Ethereum just released an update for their Geth client, fixing a potentially disastrous and easy-to-exploit attack vector. The exploit was called Eclipse, and it was so easy to execute that even a relatively inexperienced hacker, a so-called “script kiddie, ” could have pulled it off.
What is it?
Most cryptocurrencies, like Bitcoin and Ethereum, immediately connect a user to a number of other computers, “peers” in computing parlance, as they launch their wallet software. The user then downloads from these peers every new block that’s been added to the Blockchain since the last time they started their wallet.
Eclipse is an exploit that allows an attacker to substitute his own nodes for the nodes of peers. In other words, the user would immediately connect not to random peers on the network, but to the attacker’s own computers.
From the attacker’s nodes, the user’s software would download an inaccurate version of the Blockchain. Eclipse can be used to trick users into sending their funds to the attacker or to double pay for something. It can also be used to interfere with the operation of smart contracts.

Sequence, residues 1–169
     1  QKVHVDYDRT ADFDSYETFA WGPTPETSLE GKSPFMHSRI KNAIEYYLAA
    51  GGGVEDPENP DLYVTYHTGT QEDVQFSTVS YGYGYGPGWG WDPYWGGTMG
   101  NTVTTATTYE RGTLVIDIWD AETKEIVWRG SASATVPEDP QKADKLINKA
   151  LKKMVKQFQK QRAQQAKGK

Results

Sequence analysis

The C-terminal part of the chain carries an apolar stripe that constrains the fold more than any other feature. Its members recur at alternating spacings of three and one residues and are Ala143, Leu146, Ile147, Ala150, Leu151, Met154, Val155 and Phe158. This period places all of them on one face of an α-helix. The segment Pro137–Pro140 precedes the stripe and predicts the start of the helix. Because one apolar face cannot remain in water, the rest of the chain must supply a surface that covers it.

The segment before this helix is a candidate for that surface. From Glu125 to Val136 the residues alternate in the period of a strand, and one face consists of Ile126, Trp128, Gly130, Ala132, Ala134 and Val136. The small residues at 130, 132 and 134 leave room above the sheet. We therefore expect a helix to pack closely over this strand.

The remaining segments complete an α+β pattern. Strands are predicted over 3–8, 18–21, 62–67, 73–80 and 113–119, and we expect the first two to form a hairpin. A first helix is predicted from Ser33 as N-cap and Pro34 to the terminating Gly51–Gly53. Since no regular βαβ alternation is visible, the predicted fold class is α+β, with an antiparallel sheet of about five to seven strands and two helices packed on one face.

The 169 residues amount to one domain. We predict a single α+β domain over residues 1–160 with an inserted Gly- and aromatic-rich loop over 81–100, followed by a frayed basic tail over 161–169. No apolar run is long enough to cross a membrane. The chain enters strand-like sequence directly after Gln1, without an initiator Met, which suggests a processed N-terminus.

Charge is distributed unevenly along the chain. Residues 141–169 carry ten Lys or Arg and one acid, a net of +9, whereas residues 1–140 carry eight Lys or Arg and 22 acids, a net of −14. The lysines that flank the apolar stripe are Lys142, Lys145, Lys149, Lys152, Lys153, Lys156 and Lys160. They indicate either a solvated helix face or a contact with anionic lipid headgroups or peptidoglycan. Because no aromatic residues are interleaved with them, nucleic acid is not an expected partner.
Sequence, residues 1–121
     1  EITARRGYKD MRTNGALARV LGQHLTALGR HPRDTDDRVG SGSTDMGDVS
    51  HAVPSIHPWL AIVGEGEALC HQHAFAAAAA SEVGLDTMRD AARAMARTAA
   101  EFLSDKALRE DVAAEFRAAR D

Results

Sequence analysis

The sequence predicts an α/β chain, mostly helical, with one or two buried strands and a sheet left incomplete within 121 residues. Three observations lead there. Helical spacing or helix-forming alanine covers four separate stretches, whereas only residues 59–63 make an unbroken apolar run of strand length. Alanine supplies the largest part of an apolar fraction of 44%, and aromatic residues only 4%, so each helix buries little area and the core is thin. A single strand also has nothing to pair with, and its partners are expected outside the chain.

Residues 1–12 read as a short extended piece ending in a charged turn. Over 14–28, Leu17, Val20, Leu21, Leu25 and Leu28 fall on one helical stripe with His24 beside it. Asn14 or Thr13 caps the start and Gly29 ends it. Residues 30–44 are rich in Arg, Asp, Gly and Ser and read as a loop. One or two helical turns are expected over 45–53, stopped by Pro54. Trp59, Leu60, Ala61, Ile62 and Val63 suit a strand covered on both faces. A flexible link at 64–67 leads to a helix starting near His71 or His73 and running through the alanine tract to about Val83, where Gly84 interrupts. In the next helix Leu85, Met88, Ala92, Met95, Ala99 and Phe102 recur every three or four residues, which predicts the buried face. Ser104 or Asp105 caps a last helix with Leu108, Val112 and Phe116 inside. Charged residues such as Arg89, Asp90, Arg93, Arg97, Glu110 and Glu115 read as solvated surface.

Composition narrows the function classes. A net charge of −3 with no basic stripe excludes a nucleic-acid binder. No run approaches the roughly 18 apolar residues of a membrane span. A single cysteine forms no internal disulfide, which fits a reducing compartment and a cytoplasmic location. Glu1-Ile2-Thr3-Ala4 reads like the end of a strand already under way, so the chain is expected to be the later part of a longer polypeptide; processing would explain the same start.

In two instances, in 2015 and 2016, Bitcoin has been vulnerable to the Eclipse attack. However, because of the design of Bitcoin’s software, in both cases, it would have taken a massive army of bots to execute the attack.
The scary thing about Ethereum’s vulnerability is that it could be executed by somebody with only a couple of computers. This suddenly put it in range of anybody, even the kid in his parent’s basement.
Researchers presented their findings to the Ethereum team in January, and the developers immediately began working on a fix. Ethereum developer Felix Lange wrote:
"We have done our best to mitigate the attacks within the limits of the protocol. The paper is concerned with 'low-resource' eclipse attacks. As far as we know, the bar has been raised high enough that eclipse attacks are not feasible without more substantial resources, with the patches that have been implemented in Geth v1.8.0.”